A Freedom to Frag

This entry comes from June 2011, when a Supreme Court decision announced the day before allowed me a chance to exercise that political science degree and civil liberties muscle with this (too long) essay.

TOWER GROVE — The government can fine a store for selling a minor Camels, can punish a shopkeeper for passing a Playboy across the counter to an adolescent, and can revoke an exemption for a bar that lets a toddler stop by for fried chicken. But when it comes to violent video games, the Supreme Court assured this week that the government can do nothing but grin and frag it.

The message is clear when it comes to slaughtering zombies, knifing drug dealers and celebrating the virtual brutality of Duke Nukem.

Smoke ‘em if you’ve got ‘em, kids. Continue reading

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The Promised Pujols Cartoon

JUPITER, Fla. — It was so long ago that I’ve forgotten exactly how it came up, but it happened not to far from here — down Interstate 95 and just south of West Palm Beach, Fla. I grabbed a fistful of white paper from the Xerox machine nearest by desk at The Palm Bach Post. I raided an art supply store for some sketching pencils, a trusty pica pole, an industrial-strength eraser, a Uni-Ball pen, and fine-point detailing pens. I set up a rather low-frills drawing studio at a glass coffee table. And I started drawing.

It might have been the small self portrait I included on my resume, or the line about drawing a twice-weekly cartoon at The Maneater. Regardless, the sports editors at the PB-Post had a challenge and an offer for their eager intern.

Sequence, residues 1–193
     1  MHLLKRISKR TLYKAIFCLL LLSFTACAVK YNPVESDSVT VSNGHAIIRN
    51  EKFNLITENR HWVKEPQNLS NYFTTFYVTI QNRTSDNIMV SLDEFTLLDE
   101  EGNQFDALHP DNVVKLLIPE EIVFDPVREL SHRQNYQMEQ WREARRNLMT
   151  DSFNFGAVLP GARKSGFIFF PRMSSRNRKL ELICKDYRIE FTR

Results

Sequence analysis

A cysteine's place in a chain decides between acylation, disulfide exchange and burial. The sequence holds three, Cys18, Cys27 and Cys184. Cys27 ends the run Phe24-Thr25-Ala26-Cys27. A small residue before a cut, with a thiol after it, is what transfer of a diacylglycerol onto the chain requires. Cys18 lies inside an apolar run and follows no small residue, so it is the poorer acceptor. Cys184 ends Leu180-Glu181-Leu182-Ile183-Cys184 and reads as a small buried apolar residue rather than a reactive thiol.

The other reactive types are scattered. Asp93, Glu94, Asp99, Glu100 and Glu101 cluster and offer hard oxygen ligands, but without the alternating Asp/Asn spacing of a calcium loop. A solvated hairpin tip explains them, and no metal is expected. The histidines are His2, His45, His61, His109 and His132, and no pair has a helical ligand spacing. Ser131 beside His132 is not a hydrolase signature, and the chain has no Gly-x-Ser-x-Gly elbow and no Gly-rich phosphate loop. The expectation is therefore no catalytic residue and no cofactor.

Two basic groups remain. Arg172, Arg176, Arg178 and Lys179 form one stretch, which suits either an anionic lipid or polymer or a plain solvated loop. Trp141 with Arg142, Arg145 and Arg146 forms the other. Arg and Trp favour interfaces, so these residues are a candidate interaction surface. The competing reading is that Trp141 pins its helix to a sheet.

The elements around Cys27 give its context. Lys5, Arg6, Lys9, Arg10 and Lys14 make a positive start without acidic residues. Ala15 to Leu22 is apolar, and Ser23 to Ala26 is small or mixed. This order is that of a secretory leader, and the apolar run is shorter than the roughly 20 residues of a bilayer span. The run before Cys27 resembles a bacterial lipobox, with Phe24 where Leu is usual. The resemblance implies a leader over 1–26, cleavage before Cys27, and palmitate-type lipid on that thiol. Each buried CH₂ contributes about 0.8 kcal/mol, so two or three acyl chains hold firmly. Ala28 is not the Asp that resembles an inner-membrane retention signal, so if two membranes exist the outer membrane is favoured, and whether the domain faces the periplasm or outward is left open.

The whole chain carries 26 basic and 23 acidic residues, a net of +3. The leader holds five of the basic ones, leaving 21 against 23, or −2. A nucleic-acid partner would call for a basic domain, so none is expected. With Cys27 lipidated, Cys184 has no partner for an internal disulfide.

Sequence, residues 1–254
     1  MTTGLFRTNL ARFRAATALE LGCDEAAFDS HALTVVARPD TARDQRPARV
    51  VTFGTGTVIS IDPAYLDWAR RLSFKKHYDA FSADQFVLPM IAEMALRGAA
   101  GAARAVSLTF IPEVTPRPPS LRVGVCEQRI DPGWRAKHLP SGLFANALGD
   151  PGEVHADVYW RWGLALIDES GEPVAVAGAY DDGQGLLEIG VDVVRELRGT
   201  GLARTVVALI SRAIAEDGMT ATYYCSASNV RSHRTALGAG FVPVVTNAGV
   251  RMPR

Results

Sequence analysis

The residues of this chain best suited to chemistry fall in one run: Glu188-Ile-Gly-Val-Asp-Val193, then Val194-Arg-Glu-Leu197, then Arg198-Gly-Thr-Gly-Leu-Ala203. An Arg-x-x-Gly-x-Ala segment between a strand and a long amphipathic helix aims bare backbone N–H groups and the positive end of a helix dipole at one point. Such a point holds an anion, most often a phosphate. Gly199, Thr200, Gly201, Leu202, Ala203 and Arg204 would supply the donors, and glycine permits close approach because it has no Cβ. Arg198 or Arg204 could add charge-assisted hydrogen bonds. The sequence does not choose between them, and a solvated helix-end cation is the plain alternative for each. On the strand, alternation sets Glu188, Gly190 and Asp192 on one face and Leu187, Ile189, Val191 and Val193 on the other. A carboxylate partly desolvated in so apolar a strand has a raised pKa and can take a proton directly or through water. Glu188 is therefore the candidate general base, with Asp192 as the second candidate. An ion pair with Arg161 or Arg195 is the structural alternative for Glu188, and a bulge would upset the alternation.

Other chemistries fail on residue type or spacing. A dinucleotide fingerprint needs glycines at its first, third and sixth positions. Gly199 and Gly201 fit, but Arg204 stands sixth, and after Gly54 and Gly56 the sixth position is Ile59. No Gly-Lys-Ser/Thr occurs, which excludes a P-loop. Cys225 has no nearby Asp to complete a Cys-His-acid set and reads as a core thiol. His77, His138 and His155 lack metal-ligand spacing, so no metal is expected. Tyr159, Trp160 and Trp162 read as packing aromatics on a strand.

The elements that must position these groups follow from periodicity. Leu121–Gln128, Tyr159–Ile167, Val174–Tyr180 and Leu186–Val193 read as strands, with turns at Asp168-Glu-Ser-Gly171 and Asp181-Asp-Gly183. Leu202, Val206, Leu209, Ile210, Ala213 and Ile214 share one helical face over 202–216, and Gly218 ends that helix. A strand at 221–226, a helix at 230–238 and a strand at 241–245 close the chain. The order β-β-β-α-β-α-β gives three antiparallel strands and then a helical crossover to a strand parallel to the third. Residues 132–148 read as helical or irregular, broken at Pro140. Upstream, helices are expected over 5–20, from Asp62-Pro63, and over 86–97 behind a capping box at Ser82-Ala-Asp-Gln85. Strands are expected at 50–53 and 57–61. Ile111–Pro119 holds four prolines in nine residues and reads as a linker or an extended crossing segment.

There was a spot in the Sunday paper for a cartoon, if I wanted to draw them.

(Scroll down if you’re tired of reading and just want to look at the pretty drawing.) Continue reading

An Experiment in Experience Journalism

JUPITER, Fla. — During my senior year at Mizzou, I finally got to take a class I’d been eying since entering the School of Journalism. I don’t recall the number — it was somewhere in the 300s — but I do remember the unofficial title we had for it: our immersion project.

An exercise in long-form journalism, the semester’s assignment was to plant yourself inside a story, wallow in it for more than a month, and then emerge with a deep, penetrating and, in some cases, personal story about the experience. In short, the idea was to immerse yourself in the story. Today, we might call this embedding. Students would work at shelters. They would ride along with a high school team for a season. They’d go through a round of cancer treatments with the family of a patient. I spent my semester entrenched in the Kenny Hulshof campaign for Congress, and by the end I was able to chronicle from behind closed doors how a Republican won Missouri’s ninth district for the first time in more than Continue reading